Vanderbilt – The Commodores are another team that struggled down the stretch (5-5 Last 10) and made an early conference tournament exit. To boot, Vanderbilt’s record away from Nashville was just 5-8. Given the Committee’s insistence, even after the field was announced, that those were perhaps the two most important tie-breaking criteria, seeding Vandy at a #6 seems more than a little high.

Virginia – I realize the Cavs were co-champions of the ACC during the regular season, and I’ve been high on Dave Leitao’s crew since even before the season began. But UVa lost their last three games away from home to inferior competition (Miami, Wake Forest, and NC State). Their RPI rating is #55 for a reason: they played an easy ACC schedule, with most of their tough games at home. A #8 or #9 would have been less surprising than a #4.

The Bottom of the Big Ten – It’s been clear all year long that Ohio State and Wisconsin are among the elite teams in the country. But the rest of their league, particularly on a subjective level, has been mediocre at best, especially down the stretch. Of Indiana, Michigan State, Purdue, and Illinois, none owns a true quality road win. Yet Indiana was given a top-half seed (7), and Purdue (thought to be one of the last teams in by just about everyone) was given a 9—though I’m sure the Boilermakers would have preferred a #10 or #11 when faced with a first-round matchup with Arizona and Florida waiting in the wings.

Dramatically Underseeded
(most surprising to least surprising)

UNLV – Those who don’t follow the bracketing process closely probably wouldn’t give 7 th-seeded UNLV a second thought, but the Rebels were a clear choice for a four or five seed heading into Selection Weekend: 9-1 in their Last 10, MWC Tournament Champions, RPI of 10, and road wins over Nevada and Texas Tech in the non-conference. To boot, they play a dangerous Georgia Tech team in the first round, with Wisconsin waiting in the second (in Chicago). Lon Kruger’s team got the rawest deal among those teams selected to the field of 65.

Creighton – The Bluejays won the #6 RPI conference tournament, were 10-8 away from home, and finished 7-3 in their last 10 games. Their conference tournament win was against Southern Illinois, a bitter rival which hadn’t lost in the previous 13 games. Some analysts had them as high as a #6 before the field was announced; I had them at a #7. They’re also paired with another dramatically underseeded team: Nevada, in the first round.

Nevada – Perhaps no team’s conference tournament loss hurt more in terms of seeding than Nevada’s. The Wolf Pack’s profile looks very similar to George Washington of a year ago (given a #8) at first glance, but Nevada’s non-conference resume was markedly stronger than the Colonials’, and Mark Fox’s team was an astounding 13-3 on the road. I thought for sure Nevada would be placed in a Western pod at the very least, but instead they’re sent to New Orleans to battle Creighton (see above) and likely Memphis in the second round.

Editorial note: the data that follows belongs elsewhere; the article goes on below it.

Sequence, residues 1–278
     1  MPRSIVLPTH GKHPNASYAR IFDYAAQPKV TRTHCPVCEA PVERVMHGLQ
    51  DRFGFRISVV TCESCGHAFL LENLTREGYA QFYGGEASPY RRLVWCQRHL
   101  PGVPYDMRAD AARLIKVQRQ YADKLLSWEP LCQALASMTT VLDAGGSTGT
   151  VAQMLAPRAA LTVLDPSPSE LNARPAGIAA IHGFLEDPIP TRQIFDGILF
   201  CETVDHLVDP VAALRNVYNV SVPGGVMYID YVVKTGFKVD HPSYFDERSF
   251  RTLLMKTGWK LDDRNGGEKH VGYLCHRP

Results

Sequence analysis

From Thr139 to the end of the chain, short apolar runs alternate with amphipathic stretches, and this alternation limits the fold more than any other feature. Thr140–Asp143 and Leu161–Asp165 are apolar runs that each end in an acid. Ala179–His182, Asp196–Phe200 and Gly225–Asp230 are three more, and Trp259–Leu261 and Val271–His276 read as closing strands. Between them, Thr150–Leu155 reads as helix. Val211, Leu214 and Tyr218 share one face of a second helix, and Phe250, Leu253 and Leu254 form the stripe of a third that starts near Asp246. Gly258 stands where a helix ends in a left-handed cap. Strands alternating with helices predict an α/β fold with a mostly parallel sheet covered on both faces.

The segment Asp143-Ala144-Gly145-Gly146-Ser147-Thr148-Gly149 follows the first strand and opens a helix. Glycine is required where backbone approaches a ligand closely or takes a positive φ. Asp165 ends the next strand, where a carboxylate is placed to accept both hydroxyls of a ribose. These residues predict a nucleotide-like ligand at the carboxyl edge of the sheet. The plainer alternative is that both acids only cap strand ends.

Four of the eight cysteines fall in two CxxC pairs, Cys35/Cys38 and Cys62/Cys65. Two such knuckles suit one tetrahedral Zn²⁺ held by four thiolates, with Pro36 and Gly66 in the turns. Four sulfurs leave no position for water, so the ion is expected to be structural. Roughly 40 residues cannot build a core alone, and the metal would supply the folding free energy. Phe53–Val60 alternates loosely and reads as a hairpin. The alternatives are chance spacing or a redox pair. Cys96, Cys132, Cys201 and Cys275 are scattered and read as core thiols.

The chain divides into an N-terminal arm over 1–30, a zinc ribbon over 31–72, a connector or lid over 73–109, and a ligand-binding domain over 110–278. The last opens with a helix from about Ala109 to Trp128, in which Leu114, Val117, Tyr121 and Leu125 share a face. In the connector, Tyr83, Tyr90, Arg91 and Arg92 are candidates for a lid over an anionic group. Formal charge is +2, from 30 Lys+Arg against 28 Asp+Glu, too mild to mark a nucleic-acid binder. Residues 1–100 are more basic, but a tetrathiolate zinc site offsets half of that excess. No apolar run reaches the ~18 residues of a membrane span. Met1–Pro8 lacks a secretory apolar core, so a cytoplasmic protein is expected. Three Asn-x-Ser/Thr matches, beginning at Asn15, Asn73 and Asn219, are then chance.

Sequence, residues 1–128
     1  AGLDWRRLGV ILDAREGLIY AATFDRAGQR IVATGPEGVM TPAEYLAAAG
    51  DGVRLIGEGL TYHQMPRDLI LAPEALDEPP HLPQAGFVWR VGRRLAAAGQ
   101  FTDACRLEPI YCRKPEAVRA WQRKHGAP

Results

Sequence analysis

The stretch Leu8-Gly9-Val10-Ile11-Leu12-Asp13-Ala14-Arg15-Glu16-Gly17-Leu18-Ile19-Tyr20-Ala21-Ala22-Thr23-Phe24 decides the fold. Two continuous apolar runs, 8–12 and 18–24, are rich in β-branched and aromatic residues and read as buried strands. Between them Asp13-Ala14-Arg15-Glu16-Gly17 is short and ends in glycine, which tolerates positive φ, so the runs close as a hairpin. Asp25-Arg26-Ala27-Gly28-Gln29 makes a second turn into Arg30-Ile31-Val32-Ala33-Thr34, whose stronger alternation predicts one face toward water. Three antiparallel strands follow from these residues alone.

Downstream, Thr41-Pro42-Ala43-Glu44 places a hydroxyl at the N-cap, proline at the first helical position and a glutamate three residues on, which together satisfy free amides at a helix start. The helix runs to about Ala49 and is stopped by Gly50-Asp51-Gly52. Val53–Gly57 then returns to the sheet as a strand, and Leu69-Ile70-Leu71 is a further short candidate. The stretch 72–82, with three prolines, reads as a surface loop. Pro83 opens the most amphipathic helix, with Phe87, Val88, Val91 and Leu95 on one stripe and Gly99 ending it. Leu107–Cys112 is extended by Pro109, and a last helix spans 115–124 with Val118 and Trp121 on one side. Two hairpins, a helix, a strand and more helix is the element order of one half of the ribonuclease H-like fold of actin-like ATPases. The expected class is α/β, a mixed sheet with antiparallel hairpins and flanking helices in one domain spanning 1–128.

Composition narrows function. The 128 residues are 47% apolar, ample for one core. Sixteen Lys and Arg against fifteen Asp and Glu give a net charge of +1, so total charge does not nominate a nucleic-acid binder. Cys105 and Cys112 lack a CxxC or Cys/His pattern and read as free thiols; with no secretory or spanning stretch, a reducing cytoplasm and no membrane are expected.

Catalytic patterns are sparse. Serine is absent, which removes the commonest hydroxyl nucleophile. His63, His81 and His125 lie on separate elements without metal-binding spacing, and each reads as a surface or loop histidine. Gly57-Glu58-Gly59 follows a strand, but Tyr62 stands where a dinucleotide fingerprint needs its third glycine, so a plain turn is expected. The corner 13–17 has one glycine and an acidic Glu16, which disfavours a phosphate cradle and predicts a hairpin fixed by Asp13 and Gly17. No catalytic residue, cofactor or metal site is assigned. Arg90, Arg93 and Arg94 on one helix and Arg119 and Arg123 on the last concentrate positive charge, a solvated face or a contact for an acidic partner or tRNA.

Arizona – I can only speculate that subjectivity came greatly into play with Arizona. The Wildcats were blown out in their Pac-10 Tournament opener, but had the 2 nd-best non-conference resume in the nation, owned an astonishing 14 wins against the Top 100, and finished a respectable 6-4 in their last 10 games, including three straight road wins. An 8-9 game against a tough Big Ten opponent (Purdue) is the draw for Lute Olson’s team for the second straight year.

Wright State – A 14 seed doesn’t seem shockingly low for the Raiders, but when compared to teams seeded above them (Long Beach, Albany, and New Mexico State), WSU’s first-round draw against Pittsburgh in Buffalo seems pretty harsh.

Geographic Implications

Top five tidbits to keep in mind when filling out your brackets:

  • UCLA’s draw is virtually identical to the one it enjoyed on its way to the Final Four last year (San Diego, Oakland). This year, the Bruins play their first-round games in Sacramento, and the West Regional Finals will be in San Jose, an easy $49 flight away from LAX.
  • For those of you excited about Louisville as your sleeper because they play their first two rounds in nearby Lexington, remember that UK fans have probably purchased most of the tickets available for Rupp Arena already. They’ll no doubt be exercising their hands and vocal chords as vigorously as possible AGAINST Rick Pitino’s hated Cardinals. Stanford might actually enjoy a moderate home-court advantage in its first-round game.
  • Staying in the same pod, should Texas A&M emerge victorious, the South Regional Finals will be held in nearby San Antonio…think the “6 th Man” would send a few members to those two games?
  • Illini and Saluki fans will almost certainly be rooting for one another in their teams’ first round matchups in Columbus because of the Bruce Weber connection. Will Cavs and Hokies feel the same brotherly love for each other (and will either group travel well)?
  • Xavier is only an hour-and-a-half from Lexington. Provo is a time zone and a half from Lexington. BYU has been a terrible road team all season long.

Easiest Region

The West, hands-down. There are a lot of “name” programs that jump off the seeding lines, but most of the teams aren’t the same caliber they’ve been in the past –Kentucky, Illinois, Duke, Indiana, Gonzaga. All five have struggled towards the latter part of the season. Given the homecourt advantage UCLA will enjoy in the Sweet 16 and Elite 8, the Bruins have the best chance of any of the #2 seeds to reach the Final Four.

Toughest Region